Source: Sherman Publications

Special fund for capital improvements

July 03, 2013

A savings account “that can’t be touched.”

As of Jan. 24, that’s what the City of the Village of Clarkston has. At their meeting, council put $9,000 into the Capital Improvement Fund for special projects.

“The whole point is to give us money to do large projects,” said City Manager Carol Eberhardt. “The money will also be used for long-term planning for projects.”

The money can also be used in the event of a disaster or emergency, Eberhardt said.

How much is deposited in the fund will depend on annual budget variables.

She said it just makes good sense for communities to have a fund with money set aside for projects or emergencies. The city will save money in the fund to pay for special projects on a sort of “wish list.”

Projects could include work on the bridge in Depot Park or extending the sidewalk on the west side of North Main Street from Miller to the parking lot where Brioni Café is located.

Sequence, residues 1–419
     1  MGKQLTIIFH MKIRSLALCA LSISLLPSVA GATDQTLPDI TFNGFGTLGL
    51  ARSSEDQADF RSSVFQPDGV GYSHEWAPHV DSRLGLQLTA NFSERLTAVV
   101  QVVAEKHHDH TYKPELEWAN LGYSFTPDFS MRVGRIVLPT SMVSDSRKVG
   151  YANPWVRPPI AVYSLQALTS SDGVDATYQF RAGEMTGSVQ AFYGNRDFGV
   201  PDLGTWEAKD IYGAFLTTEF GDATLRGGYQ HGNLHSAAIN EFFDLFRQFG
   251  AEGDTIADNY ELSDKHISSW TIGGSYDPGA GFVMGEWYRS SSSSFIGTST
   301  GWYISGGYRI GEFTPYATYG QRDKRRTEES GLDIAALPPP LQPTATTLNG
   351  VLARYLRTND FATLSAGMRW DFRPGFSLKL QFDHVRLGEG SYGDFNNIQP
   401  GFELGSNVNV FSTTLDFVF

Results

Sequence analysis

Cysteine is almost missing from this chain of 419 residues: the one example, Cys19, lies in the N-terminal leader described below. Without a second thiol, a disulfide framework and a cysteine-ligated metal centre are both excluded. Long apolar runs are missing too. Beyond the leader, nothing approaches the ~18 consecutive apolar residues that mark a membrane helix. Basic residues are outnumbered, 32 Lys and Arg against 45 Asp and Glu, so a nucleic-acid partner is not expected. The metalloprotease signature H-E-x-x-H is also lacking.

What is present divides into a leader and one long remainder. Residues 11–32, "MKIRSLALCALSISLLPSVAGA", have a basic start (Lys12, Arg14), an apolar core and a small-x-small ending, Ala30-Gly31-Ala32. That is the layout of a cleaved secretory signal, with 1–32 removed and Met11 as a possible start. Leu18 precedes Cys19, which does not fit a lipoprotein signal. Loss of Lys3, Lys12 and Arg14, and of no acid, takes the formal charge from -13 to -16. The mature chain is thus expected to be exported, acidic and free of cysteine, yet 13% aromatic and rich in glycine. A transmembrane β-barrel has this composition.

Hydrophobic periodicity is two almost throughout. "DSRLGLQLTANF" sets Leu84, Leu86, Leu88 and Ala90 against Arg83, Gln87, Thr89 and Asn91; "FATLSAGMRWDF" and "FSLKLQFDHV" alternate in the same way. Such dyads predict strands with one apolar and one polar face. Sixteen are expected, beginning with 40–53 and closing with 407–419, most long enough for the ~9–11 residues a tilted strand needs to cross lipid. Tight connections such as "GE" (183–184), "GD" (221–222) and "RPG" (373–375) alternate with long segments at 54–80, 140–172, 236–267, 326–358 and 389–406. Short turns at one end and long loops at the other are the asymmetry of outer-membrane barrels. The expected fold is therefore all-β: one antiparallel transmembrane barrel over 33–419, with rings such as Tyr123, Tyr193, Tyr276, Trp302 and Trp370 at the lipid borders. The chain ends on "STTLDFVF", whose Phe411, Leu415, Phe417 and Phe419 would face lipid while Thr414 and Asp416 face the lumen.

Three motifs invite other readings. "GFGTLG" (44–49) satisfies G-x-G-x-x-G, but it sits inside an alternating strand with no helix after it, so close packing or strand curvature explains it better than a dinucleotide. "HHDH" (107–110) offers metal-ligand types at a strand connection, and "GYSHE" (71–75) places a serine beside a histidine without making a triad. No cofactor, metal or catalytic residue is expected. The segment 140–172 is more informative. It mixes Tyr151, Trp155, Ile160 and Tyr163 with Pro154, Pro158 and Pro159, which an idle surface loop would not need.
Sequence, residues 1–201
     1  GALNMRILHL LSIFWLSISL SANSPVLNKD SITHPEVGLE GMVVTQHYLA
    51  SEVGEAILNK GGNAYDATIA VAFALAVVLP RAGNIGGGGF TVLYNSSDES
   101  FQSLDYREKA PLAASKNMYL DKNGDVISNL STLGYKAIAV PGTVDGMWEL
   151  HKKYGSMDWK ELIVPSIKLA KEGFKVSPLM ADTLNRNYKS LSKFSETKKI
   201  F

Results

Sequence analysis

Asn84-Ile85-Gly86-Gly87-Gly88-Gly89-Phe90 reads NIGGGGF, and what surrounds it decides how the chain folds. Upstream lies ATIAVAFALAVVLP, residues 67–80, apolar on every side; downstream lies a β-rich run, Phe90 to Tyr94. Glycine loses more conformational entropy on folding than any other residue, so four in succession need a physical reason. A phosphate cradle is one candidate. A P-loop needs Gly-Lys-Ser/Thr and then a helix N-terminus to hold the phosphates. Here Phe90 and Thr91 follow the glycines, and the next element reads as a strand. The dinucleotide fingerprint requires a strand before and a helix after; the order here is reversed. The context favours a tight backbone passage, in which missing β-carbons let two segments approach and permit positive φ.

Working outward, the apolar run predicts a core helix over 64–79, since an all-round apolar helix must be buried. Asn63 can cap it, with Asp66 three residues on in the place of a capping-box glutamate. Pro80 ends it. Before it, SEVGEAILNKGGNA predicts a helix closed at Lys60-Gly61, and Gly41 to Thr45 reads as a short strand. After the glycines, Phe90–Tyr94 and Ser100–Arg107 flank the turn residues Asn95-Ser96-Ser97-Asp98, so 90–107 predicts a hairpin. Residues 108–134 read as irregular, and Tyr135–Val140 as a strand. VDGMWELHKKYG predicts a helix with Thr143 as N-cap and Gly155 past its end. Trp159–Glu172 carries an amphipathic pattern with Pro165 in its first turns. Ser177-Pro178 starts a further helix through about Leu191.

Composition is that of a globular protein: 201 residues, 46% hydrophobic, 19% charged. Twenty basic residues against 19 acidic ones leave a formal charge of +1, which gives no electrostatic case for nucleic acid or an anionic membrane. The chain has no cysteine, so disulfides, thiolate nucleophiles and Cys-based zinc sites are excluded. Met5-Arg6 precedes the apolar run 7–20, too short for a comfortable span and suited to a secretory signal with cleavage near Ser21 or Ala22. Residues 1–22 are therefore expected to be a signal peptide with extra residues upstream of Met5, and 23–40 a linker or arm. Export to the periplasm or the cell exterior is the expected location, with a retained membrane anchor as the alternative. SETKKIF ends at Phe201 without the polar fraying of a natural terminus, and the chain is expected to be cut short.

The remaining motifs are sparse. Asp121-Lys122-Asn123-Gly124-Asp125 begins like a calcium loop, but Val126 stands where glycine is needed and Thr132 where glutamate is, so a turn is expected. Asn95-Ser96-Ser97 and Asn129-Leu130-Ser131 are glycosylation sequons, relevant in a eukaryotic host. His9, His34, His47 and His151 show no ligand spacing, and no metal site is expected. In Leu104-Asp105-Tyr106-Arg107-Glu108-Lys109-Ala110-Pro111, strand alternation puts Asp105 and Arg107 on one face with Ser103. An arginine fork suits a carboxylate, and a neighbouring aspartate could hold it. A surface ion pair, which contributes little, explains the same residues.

Eberhardt said some of the projects on the list will include sidewalk repairs throughout the city.

“We will identify all areas in the village in need of repair and prioritize,” she said.

The resolution passed by the council also states the money can be used for acquiring, constructing, extending, altering, repairing, or equipping public improvements or public buildings.

Under the city’s definition of the fund, a capital improvement is a City facility or item such as a building, structure, physical improvement, facility repairs, road, parking lot, utility, land acquisitions, equipment or vehicles.

A restricted fund, once the money is transferred to the Capital Improvement Fund from the city’s General Fund, it can only be used for capital improvements.

Eberhardt said the money will always stay in the fund unless the city has a capital improvement project or in the event of an emergency like a sewer line collapse.

“There are very specific rules to how you can spend the money,” said Eberhardt.

Many communities use Community Block Grant (CBG) funding to complete special projects like those included on the city’s wish list, but Clarkston has too much money.

“A lot of communities use the grants for capital improvements, but the city cannot due to the high income level of residents,” said Eberhardt.

– Andrea Beaudoin